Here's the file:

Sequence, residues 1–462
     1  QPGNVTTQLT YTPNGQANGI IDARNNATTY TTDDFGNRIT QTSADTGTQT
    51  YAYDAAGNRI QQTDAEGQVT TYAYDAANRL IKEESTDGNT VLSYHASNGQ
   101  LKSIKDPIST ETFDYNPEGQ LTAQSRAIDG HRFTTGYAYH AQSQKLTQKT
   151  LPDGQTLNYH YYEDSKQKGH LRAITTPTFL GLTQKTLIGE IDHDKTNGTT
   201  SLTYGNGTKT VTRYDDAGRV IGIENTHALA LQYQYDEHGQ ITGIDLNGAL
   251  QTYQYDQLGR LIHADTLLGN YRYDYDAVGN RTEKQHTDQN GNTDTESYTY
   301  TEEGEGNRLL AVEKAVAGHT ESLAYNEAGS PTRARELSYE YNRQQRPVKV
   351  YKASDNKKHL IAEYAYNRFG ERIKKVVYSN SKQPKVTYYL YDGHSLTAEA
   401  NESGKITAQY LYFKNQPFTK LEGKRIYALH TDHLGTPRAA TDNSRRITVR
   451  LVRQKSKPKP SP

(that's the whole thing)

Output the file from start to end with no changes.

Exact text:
Sequence, residues 1–462
     1  QPGNVTTQLT YTPNGQANGI IDARNNATTY TTDDFGNRIT QTSADTGTQT
    51  YAYDAAGNRI QQTDAEGQVT TYAYDAANRL IKEESTDGNT VLSYHASNGQ
   101  LKSIKDPIST ETFDYNPEGQ LTAQSRAIDG HRFTTGYAYH AQSQKLTQKT
   151  LPDGQTLNYH YYEDSKQKGH LRAITTPTFL GLTQKTLIGE IDHDKTNGTT
   201  SLTYGNGTKT VTRYDDAGRV IGIENTHALA LQYQYDEHGQ ITGIDLNGAL
   251  QTYQYDQLGR LIHADTLLGN YRYDYDAVGN RTEKQHTDQN GNTDTESYTY
   301  TEEGEGNRLL AVEKAVAGHT ESLAYNEAGS PTRARELSYE YNRQQRPVKV
   351  YKASDNKKHL IAEYAYNRFG ERIKKVVYSN SKQPKVTYYL YDGHSLTAEA
   401  NESGKITAQY LYFKNQPFTK LEGKRIYALH TDHLGTPRAA TDNSRRITVR
   451  LVRQKSKPKP SP